New business structures are being formed between mortgage brokerages and financial planning firms in place of traditional referral deals.
Kevin Frost, general manager of aggregator Centrepoint Lending Solutions (CLS), said the method of business partnerships between the two sectors is undergoing a shift.
Historically financial advice and accounting practices would approach CLS to provide lending referrals to a broker outside their practice. Now, they are adopting new structures more akin to joint ventures, Mr Frost said.
“Many advice practices are now setting up new business structures and either employing brokers on salaries or both parties are taking a financial stake in a joint venture or partnership,” he said.
"This approach means that internal referral processes can be properly integrated, and office and administration costs can be shared. Most importantly, it means the mortgage broker becomes an integral part of the business.”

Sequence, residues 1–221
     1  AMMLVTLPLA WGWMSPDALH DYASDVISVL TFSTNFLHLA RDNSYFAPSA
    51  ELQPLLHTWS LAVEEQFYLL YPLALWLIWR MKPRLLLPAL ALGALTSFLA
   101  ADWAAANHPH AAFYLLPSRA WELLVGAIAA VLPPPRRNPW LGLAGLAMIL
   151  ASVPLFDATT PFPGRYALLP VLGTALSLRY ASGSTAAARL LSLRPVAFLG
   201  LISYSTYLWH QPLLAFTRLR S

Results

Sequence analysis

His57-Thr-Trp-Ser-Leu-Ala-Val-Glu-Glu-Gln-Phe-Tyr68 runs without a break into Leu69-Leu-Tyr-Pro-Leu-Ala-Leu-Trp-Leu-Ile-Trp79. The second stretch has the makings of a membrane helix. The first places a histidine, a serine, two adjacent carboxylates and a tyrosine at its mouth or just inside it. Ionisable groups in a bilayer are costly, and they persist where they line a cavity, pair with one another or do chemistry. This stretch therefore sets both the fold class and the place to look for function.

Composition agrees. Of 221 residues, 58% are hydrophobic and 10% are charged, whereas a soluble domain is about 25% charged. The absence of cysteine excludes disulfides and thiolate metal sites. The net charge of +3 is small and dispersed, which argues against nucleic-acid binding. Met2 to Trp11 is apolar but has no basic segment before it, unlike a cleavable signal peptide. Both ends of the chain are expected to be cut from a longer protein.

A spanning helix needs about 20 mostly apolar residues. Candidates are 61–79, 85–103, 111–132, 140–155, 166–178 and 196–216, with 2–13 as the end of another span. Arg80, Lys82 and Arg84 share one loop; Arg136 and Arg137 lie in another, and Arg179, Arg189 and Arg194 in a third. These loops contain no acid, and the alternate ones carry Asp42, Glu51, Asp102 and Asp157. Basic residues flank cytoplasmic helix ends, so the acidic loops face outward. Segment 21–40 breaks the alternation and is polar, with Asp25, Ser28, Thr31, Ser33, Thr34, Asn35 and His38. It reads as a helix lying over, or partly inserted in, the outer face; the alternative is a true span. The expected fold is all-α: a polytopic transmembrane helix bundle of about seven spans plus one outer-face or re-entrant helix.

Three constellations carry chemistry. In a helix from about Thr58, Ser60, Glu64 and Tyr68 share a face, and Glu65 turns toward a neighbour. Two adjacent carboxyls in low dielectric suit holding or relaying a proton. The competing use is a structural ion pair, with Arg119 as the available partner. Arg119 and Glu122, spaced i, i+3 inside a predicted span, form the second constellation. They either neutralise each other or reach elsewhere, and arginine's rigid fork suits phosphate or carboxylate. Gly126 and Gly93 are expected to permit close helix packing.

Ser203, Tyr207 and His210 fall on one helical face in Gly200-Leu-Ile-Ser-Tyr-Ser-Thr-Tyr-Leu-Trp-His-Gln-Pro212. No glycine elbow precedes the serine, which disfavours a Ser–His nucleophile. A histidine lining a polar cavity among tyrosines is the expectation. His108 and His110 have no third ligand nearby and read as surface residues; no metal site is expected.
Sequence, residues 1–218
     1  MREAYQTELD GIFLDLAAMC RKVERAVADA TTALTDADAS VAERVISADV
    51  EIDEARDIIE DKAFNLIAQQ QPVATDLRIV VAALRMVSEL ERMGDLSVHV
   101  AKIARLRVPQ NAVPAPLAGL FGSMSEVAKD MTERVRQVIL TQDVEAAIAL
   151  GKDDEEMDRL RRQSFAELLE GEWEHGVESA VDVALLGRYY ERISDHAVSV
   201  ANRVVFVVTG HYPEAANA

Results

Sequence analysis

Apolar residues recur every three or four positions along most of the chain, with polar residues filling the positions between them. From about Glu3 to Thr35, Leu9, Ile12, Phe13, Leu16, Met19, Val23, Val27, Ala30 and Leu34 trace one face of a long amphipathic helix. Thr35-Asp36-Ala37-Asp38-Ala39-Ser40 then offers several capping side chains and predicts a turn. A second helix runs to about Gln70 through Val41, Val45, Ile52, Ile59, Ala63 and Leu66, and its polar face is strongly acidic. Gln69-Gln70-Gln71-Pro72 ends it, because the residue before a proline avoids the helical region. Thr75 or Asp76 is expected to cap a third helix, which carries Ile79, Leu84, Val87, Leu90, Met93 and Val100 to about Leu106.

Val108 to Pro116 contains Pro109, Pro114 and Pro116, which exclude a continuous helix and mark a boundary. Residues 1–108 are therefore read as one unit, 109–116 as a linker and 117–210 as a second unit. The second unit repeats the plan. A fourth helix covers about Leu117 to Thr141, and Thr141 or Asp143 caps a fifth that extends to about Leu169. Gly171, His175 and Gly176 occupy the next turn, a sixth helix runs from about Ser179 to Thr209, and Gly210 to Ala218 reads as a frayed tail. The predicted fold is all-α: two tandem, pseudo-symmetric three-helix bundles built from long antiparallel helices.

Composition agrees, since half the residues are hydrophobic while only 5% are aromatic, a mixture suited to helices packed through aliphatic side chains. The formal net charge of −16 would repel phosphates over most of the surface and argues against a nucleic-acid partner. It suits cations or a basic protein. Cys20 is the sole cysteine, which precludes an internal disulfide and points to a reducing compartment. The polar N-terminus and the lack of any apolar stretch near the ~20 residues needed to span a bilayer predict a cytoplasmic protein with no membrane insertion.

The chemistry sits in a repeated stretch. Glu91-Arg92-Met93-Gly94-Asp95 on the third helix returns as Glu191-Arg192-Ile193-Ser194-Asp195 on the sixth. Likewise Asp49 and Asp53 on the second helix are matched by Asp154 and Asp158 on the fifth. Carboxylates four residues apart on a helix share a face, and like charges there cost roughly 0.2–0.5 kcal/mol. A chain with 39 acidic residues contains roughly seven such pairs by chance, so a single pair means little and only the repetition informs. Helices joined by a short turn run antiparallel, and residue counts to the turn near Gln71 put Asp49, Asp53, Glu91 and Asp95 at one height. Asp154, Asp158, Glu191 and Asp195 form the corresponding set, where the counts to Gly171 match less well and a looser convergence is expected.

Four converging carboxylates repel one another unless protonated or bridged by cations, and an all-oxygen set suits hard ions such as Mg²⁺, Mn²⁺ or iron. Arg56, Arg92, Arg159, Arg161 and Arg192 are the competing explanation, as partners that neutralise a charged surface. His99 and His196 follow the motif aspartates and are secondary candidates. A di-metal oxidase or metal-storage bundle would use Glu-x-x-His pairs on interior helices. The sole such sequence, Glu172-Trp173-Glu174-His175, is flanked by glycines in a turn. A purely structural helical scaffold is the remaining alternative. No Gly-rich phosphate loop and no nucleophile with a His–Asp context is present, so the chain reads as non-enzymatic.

This change in business structure could see an increase in the volume of loans written.
“It also means the mortgage broker can properly leverage their client base by referring them for financial advice,” Mr Frost said.
A Brisbane financial planning group recently approached CLS to source an existing mortgage broker who would join their firm on a salary plus profit-share basis, with the group willing to buy out the broker's current trail book, he said.
"This approach isn't for all mortgage brokers, advice or accounting practices. There are still many practices who are content to simply refer each other business, and this often makes sense in terms of their size and focus.”
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